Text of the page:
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Getting to know Shared Assets from across the pond: Reflections on our virtual secondments

Jingjing Guo

As a partner in the Marie Skłodowska-Curie Innovative Training Network (MSCA-ITN) RECOMS – Resourceful and Resilient Communities, Shared Assets welcomed six early-stage researchers to the team this past year, to do a three-month secondment with us: April, Mimi, Ruben, Sara, Sergio and Stephen. Unfortunately, because of the pandemic, their secondments had to move online. In this blogpost, April and Sara reflect on their experiences of working with Shared Assets from their home offices in Belgium and Austria. 

Secondment, a British English word, was a puzzling one to quite a few of us when we just started our fellowship with RECOMS (have a look at our other blog post highlighting some of the outputs and upcoming events of the RECOMS project). What it pronounces is a short-term placement of approximately three months at another beneficiary within the project that is independent from the fellow’s host institution. In our three-year PhD trajectories, we are expected to do two of these placements, one with an academic partner and one with a non-academic partner. During these secondments the fellow becomes part of the team, exchanges work and ideas and receives training and supervision to hopefully widen their horizon that would otherwise be limited by a single institutional setting. Amongst the benefits to be reaped from experiencing other places, modes of work, practices and institutional dynamics, for a fellow doing their PhD in social sciences and humanities with and on place-based communities, the emplacement of a secondment also means physical and/or mental displacement from the people we hope to study, many complicated travel and residence arrangements, and having less opportunity to develop a sense of rootedness in one place (at times direly needed in the emotionally taxing journey called a PhD).

In other words, worries ran as deep as our excitements. So we carefully planned when and where to do our secondments, considering what would make the most sense in terms of our own professional and personal growth. Six of the fifteen RECOMS fellows ended up choosing Shared Assets to do their non-academic secondment. We did so, because of their work with place-based communities in general, and on land issues in particular, as well as their notorious hands-on knowledge and expertise in community engagement events, campaigns and networks. Also, hello, we were going to go to LONDON BABY! But our plans mattered little in the end. The pandemic hit. London seems infinitely far away. Diminished were also our possibilities to see Shared Assets in action in face-to-face meetings with real-life local groups.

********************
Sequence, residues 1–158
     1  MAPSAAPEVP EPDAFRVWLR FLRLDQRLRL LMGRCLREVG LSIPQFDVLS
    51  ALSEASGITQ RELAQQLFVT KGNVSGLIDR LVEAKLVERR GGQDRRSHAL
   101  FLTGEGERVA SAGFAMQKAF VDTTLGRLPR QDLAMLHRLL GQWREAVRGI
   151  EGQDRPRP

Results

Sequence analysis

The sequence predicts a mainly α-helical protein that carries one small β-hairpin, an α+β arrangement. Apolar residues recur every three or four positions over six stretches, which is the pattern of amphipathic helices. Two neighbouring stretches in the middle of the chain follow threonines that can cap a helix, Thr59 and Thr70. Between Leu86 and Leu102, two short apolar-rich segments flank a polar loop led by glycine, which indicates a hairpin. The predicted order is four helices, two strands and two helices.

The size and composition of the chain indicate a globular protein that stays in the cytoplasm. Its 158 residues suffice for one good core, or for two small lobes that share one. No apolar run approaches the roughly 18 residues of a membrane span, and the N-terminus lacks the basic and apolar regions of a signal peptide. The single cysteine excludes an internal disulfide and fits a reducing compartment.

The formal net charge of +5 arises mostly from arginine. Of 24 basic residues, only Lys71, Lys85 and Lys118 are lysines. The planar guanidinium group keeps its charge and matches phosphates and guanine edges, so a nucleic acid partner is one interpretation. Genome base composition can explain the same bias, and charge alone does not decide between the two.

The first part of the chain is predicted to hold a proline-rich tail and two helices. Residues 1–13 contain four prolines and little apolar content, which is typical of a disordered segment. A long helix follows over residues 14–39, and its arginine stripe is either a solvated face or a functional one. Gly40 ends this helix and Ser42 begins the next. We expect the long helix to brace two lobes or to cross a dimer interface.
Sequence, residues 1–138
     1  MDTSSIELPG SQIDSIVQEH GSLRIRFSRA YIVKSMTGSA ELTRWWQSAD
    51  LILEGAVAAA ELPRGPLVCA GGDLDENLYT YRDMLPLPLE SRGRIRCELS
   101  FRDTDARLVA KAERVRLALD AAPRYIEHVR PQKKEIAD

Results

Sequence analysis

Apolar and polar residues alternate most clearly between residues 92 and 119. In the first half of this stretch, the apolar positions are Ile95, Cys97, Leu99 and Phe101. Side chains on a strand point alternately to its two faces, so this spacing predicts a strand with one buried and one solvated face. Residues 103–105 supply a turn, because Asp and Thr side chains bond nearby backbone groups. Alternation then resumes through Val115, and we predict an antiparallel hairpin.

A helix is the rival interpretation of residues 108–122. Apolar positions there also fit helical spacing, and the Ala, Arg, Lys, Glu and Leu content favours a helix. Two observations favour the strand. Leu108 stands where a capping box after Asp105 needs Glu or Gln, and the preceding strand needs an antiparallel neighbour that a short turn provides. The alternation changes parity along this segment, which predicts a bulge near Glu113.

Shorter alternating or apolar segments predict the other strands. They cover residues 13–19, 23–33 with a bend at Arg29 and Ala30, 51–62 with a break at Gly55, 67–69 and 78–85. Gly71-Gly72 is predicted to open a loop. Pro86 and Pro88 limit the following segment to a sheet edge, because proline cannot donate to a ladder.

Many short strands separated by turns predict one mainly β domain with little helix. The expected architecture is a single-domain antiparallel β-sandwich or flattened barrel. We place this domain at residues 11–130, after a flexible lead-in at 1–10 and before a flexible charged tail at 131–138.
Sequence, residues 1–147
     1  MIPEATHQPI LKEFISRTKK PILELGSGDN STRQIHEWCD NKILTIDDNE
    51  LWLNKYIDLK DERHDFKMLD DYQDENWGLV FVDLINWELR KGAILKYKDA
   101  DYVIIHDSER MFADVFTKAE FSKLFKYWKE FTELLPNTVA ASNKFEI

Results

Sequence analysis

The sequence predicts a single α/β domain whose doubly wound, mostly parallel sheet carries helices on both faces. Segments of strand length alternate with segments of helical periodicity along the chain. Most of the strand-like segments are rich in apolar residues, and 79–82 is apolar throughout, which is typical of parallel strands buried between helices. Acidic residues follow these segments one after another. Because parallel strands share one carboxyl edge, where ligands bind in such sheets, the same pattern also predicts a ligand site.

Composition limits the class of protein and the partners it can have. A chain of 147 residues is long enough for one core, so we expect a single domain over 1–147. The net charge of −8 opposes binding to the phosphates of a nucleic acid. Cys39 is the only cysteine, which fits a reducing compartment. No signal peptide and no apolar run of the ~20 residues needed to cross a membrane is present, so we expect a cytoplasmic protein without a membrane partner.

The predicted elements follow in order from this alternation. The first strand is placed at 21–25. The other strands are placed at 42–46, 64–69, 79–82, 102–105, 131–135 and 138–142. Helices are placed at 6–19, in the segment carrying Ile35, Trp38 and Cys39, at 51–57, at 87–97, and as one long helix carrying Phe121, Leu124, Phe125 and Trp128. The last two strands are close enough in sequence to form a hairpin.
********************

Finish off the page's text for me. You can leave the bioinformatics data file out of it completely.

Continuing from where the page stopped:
So all of us adapt – embodying the abstract idea of ‘adaptivity’ which we often debate in relation to resilience and resourcefulness. Shared Assets has moved their work online and goes on to explore having a permanent mode of working as an agile organisation. Our secondments, too, needed to go virtual. And they’ve gone so rather smoothly, as Shared Assets has been very considerate of our respective learning needs, interests in their areas of work, and other PhD and RECOMS’ related work.

It would be moderate to say that it has not been easy experiencing and getting to know an organisation and its work from afar – there is too large a distance devoid of the flesh and bones in our interactions with others and the physical and cultural contexts in which their actions and work unfold. Yet, it becomes clearer that what we are experiencing, or rather witnessing, is an evolving organisation which has been exploring how to translate and adapt into this ‘brand new world’ their years of experience and principles of working well together and forward. Ironically, if it wasn’t for the pandemic, we might not have had this window to gauge what compassionate agility – keeping everyone in the loop, motivating and checking in on each other, improvising and embracing flexibility – might look like in an organisation. A quality, in our opinion, which finds it hard to get an entry to academic environments.

None of us fellows expected this being part of the learning a year ago. Neither did Shared Assets. But here we all are, painstakingly, yet not devoid of joys, trying out new ways to keep the work going and reflecting on unexpected learning. 

The RECOMS project has received funding from the European Union’s Horizon 2020 research and innovation programme under the Marie Sklodowska-Curie grant agreement No 765389

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